Whether is it jogging around the park, pumping iron or swimming, an hour of vigorous exercise a day can lower the risk of bowel cancer, a study said on Monday.
Even cleaning the house, or two hours of less strenuous activity can make a difference, according to the study of more than 413,000 people in 10 European countries.
“This study is significant because of its very large sample size and the different levels of activity that were observed across the European countries,” said Dr Christine Friedenreich, lead author of the research, from the International Agency for Research on Cancer (IARC) in Lyon, France.
“This allowed a more in-depth analysis of how physical activity influences colon cancer risk,” she added.
The research was published by scientists working for the European Prospective Investigation into Cancer and Nutrition (EPIC), which was designed to investigate the relationships between diet, nutrition, lifestyle and environmental factors and cancer.
A team of international scientists analyzed the impact of physical activity on the risk of colon cancer and found people with the highest levels of exercise were 22 percent less likely to develop it. The reduced risk was higher, up to 35 percent, for tumors on the right side of the colon.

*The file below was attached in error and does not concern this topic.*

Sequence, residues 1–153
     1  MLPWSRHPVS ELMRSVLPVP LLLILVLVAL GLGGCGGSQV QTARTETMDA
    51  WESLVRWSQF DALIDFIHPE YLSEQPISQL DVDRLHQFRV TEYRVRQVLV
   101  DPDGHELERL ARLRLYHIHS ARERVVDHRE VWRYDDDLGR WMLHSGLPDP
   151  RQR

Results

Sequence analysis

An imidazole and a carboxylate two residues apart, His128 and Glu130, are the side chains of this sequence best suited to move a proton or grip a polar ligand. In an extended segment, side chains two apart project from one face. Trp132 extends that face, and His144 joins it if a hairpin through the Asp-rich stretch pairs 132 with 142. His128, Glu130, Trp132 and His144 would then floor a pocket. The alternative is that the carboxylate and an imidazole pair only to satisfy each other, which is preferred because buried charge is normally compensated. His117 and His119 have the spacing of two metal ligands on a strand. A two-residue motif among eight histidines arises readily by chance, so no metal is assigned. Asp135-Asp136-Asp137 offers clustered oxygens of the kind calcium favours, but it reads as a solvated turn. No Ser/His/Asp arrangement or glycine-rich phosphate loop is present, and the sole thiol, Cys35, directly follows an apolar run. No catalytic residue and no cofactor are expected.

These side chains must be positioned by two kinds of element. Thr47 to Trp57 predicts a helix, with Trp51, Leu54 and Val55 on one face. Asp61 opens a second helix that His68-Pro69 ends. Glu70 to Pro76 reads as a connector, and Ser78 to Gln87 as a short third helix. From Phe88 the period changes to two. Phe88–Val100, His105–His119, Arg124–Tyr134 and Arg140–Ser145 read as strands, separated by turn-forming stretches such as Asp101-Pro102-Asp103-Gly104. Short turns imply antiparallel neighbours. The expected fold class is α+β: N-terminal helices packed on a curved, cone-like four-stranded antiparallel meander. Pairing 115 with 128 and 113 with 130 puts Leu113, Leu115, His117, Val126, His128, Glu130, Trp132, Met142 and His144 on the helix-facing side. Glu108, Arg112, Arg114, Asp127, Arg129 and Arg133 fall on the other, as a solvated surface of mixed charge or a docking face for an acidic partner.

Although exercise had the biggest impact in cutting cancer risk in people of normal weight, it was also beneficial to a lesser extent in men and women who were overweight or obese.
But exercise did not have a protective effect against rectal cancer.
Colon and rectal are among the most common cancers in developed countries. More than 940,000 cases are diagnosed each year and about 492,000 people die from the illness, according to IARC.
Health experts estimate about 70 percent of cases could be prevented by changes in diet and exercise.
Professor Elio Riboli, the coordinator of EPIC from Imperial College London, said the large number of people included in the research was important.
“We were particularly interested in the results that we found for different parts of the colon and rectum which were not feasible in previous studies because of the smaller sample sizes and lack of data on the position of the tumors,” he said in a statement.